Amongst the blur of fatigue, mud and sore feet, there is one thing I can recall with such clarity and that’s the camaraderie among every single runner out there. The solo runners are shown so much respect from fellow competitors. I ran with so many people and had so many lovely chats with perfect strangers as well as my friends. Ultimately, everyone out there was trying to achieve the same thing - running for 24 hours! 

Total distance was 65 miles / 104km .. not even close to what I know I’m capable of in that time frame but still something to be proud of given the circumstances. 

Epic, brutal, relentless indeed. Well played Endure24! 



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Polka Dot video production

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Polka Dot video production

Back in March ‘18 I had the opportunity to be part of a short film produced by Worcester videographers Polka Dot Production .

Jo and Duncan Cox are a husband and wife team who direct and produce some of, if not THE finest wedding videography I’ve seen - seriously check out their work, it’ll make you want to get married just so that you can have them make a film about it. 

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Fortunately for those who are already married or those who just don’t fancy it, Jo and Duncan also make promotional videos and this is where I came into it. Polka Dot Production wanted to expand their portfolio by adding a short film to their arsenal of high end video production and they had very clear ideas about how they wanted to do that.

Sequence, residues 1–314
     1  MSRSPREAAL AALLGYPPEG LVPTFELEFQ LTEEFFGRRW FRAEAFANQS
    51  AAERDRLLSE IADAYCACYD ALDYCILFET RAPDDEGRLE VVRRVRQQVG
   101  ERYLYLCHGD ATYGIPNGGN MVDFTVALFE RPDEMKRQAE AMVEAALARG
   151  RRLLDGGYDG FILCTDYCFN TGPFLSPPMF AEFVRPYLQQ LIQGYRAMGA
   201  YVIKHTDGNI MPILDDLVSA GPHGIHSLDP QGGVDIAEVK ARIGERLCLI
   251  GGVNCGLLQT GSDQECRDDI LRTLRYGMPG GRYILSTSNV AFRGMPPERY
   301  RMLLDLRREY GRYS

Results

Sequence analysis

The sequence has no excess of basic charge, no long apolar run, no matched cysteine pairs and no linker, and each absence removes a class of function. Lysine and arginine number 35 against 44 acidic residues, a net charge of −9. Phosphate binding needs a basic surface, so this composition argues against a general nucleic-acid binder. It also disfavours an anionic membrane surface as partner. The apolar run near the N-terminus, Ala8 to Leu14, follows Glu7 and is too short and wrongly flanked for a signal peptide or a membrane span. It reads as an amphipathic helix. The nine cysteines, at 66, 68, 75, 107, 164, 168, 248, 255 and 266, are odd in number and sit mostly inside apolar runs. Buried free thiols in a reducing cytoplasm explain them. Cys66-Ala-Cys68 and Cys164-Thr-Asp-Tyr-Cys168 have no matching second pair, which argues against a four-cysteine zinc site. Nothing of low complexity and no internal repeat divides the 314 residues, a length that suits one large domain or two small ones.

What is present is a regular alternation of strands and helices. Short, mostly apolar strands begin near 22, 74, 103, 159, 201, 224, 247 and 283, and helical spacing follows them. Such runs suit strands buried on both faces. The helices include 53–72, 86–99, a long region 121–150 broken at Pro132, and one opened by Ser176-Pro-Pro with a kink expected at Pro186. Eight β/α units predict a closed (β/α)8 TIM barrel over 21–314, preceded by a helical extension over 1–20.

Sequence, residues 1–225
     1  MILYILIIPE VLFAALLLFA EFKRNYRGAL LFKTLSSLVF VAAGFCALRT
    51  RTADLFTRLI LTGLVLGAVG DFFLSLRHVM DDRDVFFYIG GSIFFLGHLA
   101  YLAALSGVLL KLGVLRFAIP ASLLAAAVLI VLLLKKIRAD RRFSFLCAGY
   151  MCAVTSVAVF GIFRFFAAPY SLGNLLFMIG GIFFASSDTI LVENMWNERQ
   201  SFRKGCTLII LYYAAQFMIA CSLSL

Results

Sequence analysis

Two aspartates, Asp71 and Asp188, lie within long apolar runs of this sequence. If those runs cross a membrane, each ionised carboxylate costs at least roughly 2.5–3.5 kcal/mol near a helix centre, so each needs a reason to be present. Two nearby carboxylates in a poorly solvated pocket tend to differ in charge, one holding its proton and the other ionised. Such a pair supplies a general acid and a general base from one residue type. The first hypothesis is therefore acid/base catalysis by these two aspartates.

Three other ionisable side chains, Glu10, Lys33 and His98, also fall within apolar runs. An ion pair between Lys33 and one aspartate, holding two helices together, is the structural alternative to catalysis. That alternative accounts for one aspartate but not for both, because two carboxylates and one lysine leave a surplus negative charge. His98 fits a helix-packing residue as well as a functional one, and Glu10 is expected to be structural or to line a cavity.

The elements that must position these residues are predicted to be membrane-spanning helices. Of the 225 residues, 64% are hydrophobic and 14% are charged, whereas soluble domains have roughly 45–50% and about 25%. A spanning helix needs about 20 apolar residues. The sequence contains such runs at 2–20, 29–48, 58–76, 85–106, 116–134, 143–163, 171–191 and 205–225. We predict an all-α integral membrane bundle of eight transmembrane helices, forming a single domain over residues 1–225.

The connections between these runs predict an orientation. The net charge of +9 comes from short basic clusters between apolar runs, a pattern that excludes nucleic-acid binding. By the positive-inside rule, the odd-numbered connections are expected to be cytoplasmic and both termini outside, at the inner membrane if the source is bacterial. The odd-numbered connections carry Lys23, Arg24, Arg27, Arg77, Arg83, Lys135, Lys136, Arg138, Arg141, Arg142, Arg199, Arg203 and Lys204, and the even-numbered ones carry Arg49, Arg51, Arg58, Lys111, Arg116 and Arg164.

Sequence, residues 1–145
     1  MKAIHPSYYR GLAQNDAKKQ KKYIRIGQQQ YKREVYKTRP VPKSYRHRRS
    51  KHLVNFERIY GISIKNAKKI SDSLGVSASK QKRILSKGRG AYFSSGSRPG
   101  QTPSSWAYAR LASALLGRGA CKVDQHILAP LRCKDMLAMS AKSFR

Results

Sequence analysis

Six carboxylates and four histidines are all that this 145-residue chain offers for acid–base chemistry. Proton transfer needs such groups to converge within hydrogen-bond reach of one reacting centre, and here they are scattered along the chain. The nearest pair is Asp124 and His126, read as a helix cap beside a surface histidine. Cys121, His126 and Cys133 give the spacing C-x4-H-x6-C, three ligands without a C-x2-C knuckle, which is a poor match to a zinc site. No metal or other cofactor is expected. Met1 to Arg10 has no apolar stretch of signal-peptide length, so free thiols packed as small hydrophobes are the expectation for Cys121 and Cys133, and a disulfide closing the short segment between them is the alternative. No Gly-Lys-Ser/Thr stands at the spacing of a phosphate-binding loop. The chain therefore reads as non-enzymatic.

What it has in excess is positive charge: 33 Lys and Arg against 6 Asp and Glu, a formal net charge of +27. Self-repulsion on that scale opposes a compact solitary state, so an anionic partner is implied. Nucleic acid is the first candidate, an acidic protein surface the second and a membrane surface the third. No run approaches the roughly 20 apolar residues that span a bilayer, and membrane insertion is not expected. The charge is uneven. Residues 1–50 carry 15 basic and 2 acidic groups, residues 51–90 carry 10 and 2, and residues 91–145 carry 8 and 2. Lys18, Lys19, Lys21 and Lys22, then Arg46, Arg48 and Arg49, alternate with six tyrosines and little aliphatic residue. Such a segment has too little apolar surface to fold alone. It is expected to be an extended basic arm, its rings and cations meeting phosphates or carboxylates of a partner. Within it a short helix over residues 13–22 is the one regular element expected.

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So in short, I spent a few hours running around the South Warwickshire countryside while Jo and Duncan filmed me both from the ground and using a high spec drone. I’ll let the film do the rest of the talking but let me just wrap this up by saying that these guys were a pleasure to work with. They were professional, creative and made me feel very relaxed. 

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Letter to my younger self

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Letter to my younger self


Dear young Lauren 

I know things are tough for you now, being an adolescent is definately one of the more challenging life phases we’ll go through, but I  can absolutely 100% guarantee that we’re going to be ok. Here are some little nuggets of hope for you..

When we were in our mid teens, our PE teacher kept entering us into the inter schools cross country trials even though we hated every single step because she saw great potential, not because she had it in for us. This will scar is for years but we come good in the end.

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The sporty girl teasing and laughing at us about our running style (you know exactly who I mean).. in about 20 years we’re going to bump into her at the gym and she’ll be unhealthy, depressed and hugely overweight. We won’t laugh back at her though, because we’re better than that.

It’s ok to be at the back.. and no, this is not how we’re going to die today. One day we’ll become an ultra marathon runner where the race is nothing to do with pace but going the distance... and that we can do! Hang out at the back, it’s going to be fine.